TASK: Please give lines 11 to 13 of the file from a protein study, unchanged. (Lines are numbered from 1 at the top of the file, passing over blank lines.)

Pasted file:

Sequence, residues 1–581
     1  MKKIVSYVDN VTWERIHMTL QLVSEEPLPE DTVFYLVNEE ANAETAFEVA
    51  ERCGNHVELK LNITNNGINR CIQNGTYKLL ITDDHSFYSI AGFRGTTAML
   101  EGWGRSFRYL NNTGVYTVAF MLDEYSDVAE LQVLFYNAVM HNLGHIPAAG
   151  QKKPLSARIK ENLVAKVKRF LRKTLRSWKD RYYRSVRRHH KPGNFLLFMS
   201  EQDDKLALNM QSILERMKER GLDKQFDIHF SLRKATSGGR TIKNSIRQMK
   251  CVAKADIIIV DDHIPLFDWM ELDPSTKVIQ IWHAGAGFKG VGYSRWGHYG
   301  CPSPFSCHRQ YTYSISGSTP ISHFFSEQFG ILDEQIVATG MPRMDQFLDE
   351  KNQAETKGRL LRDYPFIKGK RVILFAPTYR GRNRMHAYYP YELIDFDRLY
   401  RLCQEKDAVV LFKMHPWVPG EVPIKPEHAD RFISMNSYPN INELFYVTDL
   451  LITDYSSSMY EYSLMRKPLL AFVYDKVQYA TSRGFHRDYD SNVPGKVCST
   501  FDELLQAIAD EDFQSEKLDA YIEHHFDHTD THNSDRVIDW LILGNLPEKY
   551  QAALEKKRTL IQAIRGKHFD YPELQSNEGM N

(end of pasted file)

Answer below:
   451  LITDYSSSMY EYSLMRKPLL AFVYDKVQYA TSRGFHRDYD SNVPGKVCST
   501  FDELLQAIAD EDFQSEKLDA YIEHHFDHTD THNSDRVIDW LILGNLPEKY
   551  QAALEKKRTL IQAIRGKHFD YPELQSNEGM N